The California energy crisis of 2002 served as the impetus for the effort that ultimately led to the creation of version 1.0 of the OpenADR standard. The Demand Response Research Center [2], which is operated by Lawrence Berkeley National Laboratory (LBNL), created the standard with funding from the California Energy Commission’s (www.energy.ca.gov) Public Interest Energy Research (PIER) program. Shortly after 2002, the DRRC worked with the California IOUs (SCE, SDG&E and PG&E) to jointly develop this technology through pilots and actual program implementations. In 2009, OpenADR was included in the Smart Grid Interoperability Standards Framework, and FERC identified OpenADR as a key standard for Demand Response. Additional standards work was performed by the Smart Grid Interoperability Panel (SGIP), which is being tasked by the U.S. National Institute of Standards and Technology (NIST) to oversee standardization of the Smart Grid.[8][9] The North American Energy Standards Board[10] contributed to the effort by developing a set of requirements. In that same year, the OpenADR specification was released as an official California Energy Commission (CEC) document, and the DRRC donated version 1.0 of the OpenADR standard to the Organization for the Advancement of Structured Information Standards[11] and the Utilities Communication Architecture (UCA) International Users Group.[12] The work to create version 2.0 of the OpenADR standard is being performed by OASIS through its Energy Interoperation (EI) Technical Committee[13] with assistance from the UCAIug OpenADR Taskforce. Once work is completed on OpenADR version 2.0, with its expanded and complete set of DR and DER signals, the standard will be submitted to the International Electrotechnical Commission (IEC) in Geneva, Switzerland for adoption worldwide. IEC is the world’s leading organization for international standards for all electrical, electronic and related technologies.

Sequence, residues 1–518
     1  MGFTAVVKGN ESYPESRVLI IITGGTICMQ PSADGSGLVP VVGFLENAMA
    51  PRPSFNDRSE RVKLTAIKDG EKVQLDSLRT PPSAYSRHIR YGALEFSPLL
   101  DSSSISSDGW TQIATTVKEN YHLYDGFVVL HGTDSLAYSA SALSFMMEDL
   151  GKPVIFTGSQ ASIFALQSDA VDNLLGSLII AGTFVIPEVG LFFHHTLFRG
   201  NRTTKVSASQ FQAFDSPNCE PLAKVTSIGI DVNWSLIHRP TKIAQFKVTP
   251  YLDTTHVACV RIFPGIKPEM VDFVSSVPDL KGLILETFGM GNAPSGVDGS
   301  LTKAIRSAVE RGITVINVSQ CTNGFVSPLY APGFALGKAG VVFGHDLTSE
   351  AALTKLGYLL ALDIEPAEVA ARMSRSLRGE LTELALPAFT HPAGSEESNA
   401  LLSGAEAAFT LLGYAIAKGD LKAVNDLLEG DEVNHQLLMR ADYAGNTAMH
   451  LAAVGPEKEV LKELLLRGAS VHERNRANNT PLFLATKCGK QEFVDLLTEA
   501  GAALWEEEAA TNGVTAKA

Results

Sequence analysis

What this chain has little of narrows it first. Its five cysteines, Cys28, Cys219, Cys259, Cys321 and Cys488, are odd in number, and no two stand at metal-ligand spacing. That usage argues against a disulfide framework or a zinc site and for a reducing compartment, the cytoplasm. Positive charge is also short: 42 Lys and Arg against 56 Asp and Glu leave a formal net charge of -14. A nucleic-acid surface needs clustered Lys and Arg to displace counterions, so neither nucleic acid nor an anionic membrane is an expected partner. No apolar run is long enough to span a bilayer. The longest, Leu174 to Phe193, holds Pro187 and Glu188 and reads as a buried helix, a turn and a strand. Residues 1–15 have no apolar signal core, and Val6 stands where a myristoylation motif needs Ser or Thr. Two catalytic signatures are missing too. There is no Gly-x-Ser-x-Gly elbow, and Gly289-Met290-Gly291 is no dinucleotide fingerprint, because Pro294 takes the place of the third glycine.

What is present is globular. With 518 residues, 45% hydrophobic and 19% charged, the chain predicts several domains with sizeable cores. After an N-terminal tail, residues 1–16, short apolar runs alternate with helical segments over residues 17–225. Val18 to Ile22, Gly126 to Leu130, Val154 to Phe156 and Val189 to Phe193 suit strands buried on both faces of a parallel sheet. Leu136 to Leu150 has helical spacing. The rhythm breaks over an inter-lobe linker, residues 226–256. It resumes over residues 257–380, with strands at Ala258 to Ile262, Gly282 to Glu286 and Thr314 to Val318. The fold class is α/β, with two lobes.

How OpenADR Works[edit]

In the Open Automated Demand Response Communications Specification (Version 1.0), LBNL describes OpenADR as “a communications data model designed to facilitate sending and receiving DR signals from a utility or independent system operator to electric customers. The intention of the data model is to interact with building and industrial control systems that are pre‐programmed to take action based on a DR signal, enabling a demand response event to be fully automated, with no manual intervention. The OpenADR specification is a highly flexible infrastructure design to facilitate common information exchange between a utility or Independent System Operator (ISO) and their end‐use participants. The concept of an open specification is intended to allow anyone to implement the signaling systems, providing the automation server or the automation clients.”